Joe was one of almost three hundred enlisted men eventually assigned to the 58th, one of the four service squadrons comprising the 62nd Service Group, with the 58th itself attached to the 376th Bomb Group. It was Sarnoski’s first education in aircraft maintenance, and while brief, it was thorough. Not only was he primed in maintaining an aircraft’s various systems, but in its general repair, including sheet metal replacement and machining. That May he even got some practice breaking down and pitching camp, when the entire 58th made an overnight sojourn to Yorktown, Virginia, as an exercise in that very thing. Little could he know just how much a preview of things to come it all was.
After only five months, though, on September 1, he was transferred, still at Langley, to the 49th Bombardment Squadron, part of the already legendary 2nd Bomb Group. The 2nd could trace its lineage directly back to the first American air squadrons in World War I. His training in the 58th carried over to the 49th; records indicate he was put to work as an air mechanic on Langley’s Martin B-10s. He also pulled the inevitable K.P. and other mundane duties obligatory to life as a lower-ranking enlisted man.
Whatever monotony would usually attend such routine was checked both by the foreboding developments in Europe and the Army’s reactions to it. The men of the 2nd would certainly have been familiar with the Army’s competition for a new heavy bomber, and the headline exploits and subsequent crash on take-off of Boeing’s entry, a “flying fortress” called Model 299. No doubt, though, it was the modernization of Langley around them throughout 1936 that provided the clearest sign of the Air Corps’ forward attitude. Both efforts coincided in late 1936, when the base’s grass air strips were replaced with packed-soil strips. There was only one reason for the upgrade, and it surely stirred the passions of the entire base—to accommodate heavy bombers. Sarnoski must have been proud of his first promotion in the regular army, to Specialist 6th Class, on November 1, but undoubtedly he was more excited by the rumors that they would be receiving the first production models of Boeing’s 299.
The rumors were right. Despite the accident in 1935 that knocked it out of the bomber competition, the aircraft had so impressed the Air Corps brass that a legal technicality was used to request a production run of thirteen. All but one of the bombers—officially designated the Y1B-17, but commonly referred to as the YB-17—were assigned to the 2nd Bomb Group at Langley.
The first arrived to much fanfare on a cold March 4, 1937. Joe stood in parade formation with the rest of the enlisted men and officers, all eyes cast skyward to watch the big bomber fly over twice in review, before landing on the snow-banked runway. Everyone knew it was a huge aircraft, the first of the “heavy” bombers, but only when its throaty four engines brought it to a stop between a B-10 bomber and PB-2A pursuit plane, overwhelming them both, did the men who would be evaluating it realize just how big it was. No doubt as Sarnoski and everyone else not in the 96th Bomb Squadron gawked at the sleek, gleaming silver bomber, they envied its good fortune at being first in line to possess such a beauty.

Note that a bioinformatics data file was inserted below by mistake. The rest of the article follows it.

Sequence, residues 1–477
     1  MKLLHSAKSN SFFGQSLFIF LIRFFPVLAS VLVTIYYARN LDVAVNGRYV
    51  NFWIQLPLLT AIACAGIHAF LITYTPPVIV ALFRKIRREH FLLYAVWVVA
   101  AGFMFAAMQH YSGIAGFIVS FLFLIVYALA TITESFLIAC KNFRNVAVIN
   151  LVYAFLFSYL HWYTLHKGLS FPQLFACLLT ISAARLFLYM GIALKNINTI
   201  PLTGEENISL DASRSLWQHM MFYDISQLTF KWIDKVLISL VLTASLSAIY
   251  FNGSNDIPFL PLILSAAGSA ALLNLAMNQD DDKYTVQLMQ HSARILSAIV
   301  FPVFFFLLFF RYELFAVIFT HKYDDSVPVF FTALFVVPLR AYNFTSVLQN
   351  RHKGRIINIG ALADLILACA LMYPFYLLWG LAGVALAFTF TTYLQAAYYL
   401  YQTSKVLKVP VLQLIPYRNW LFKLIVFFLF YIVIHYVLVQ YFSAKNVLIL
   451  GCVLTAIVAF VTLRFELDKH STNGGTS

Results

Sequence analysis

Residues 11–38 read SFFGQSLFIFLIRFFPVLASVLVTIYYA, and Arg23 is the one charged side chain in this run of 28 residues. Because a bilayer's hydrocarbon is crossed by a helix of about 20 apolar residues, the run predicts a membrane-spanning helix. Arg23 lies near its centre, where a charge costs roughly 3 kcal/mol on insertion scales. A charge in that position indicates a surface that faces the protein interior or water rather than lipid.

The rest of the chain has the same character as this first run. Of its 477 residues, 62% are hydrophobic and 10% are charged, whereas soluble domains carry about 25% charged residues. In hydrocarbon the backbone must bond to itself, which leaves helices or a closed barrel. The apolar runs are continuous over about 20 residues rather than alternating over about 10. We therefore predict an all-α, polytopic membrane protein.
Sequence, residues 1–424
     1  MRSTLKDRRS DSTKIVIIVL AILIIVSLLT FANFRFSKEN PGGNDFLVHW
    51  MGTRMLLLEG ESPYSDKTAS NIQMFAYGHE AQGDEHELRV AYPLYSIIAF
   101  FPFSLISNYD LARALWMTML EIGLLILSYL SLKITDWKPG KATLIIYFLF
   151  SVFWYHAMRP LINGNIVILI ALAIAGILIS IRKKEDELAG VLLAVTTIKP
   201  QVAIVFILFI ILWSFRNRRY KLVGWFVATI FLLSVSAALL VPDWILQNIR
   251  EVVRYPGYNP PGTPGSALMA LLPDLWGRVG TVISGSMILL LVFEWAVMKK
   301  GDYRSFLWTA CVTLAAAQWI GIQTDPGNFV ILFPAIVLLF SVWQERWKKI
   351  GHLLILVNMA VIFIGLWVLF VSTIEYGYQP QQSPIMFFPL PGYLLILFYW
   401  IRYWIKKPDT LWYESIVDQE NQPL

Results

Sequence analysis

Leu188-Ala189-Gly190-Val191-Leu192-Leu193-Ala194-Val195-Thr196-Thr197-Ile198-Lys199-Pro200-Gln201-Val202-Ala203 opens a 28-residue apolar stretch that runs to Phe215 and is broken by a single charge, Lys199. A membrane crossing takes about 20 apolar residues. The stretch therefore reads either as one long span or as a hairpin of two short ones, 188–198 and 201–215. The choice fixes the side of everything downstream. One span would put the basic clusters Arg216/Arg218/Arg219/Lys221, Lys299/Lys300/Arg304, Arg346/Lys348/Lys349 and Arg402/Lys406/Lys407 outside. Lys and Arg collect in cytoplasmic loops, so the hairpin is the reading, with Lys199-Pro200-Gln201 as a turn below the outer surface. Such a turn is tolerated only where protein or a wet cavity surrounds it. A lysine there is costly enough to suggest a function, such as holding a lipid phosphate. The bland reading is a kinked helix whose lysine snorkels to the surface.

Sarnoski’s squadron was second in line, with its first Fortress delivered to Langley on March 11. The second would be delivered in May, and its third and final on July 3, 1937. At some point Sarnoski was assigned to the third, serial number 36-158, soon emblazoned with a conspicuous “82” on the nose as its group identifier; he noted on a photo of this plane that “[t]his is the airplane I’m assigned to.” Other information in the note, however, indicates a much later date for that photo, and other evidence points to his being permanently assigned to it as a ground crewman no earlier than early 1938.
Six more YB-17s would be delivered to the group prior to #82's arrival. During that time, the awe-inspiring Fortress began its journey to becoming a national celebrity, with the 2nd’s growing contingent participating in a display for dignitaries in Washington, D.C.; a formation flight over twenty cities in eleven states, from Langley to Maine to Ohio and back; and a formation fly-over of New York City broadcast over NBC radio.
June would have provided Sarnoski some diversion. Early in the month he managed an afternoon visit home by hitching a ride to Scranton, a short drive from Carbondale, with a fellow Langleyan in a B-10. While the visit was surely welcome, what would be most remembered by the family for decades was the pair’s low-level pass over the Sarnoski homestead to toss out bags of candy. The same month Sarnoski also received his second promotion, this time to specialist fifth class.
It is clear he was already distinguishing himself. In August 1937, Sarnoski was sent to Edgewood Arsenal in Maryland for a course in chemical warfare. The traditional course was six weeks long and trained participants in both the deployment of and defense against chemical weapons. Those participants were almost solely officers, with only a limited selection of enlisted men as deemed necessary, whose purpose was to then train their own units upon their routine. If the 2nd followed the pattern of other bomb groups, Joe was one of only two enlisted men and an officer from the 49th to be tasked with training their squadron. It was the beginning of a pattern for Sarnoski. Throughout his Air Force career, he would continue to be tapped for a select group, and to teach his expertise to those around him.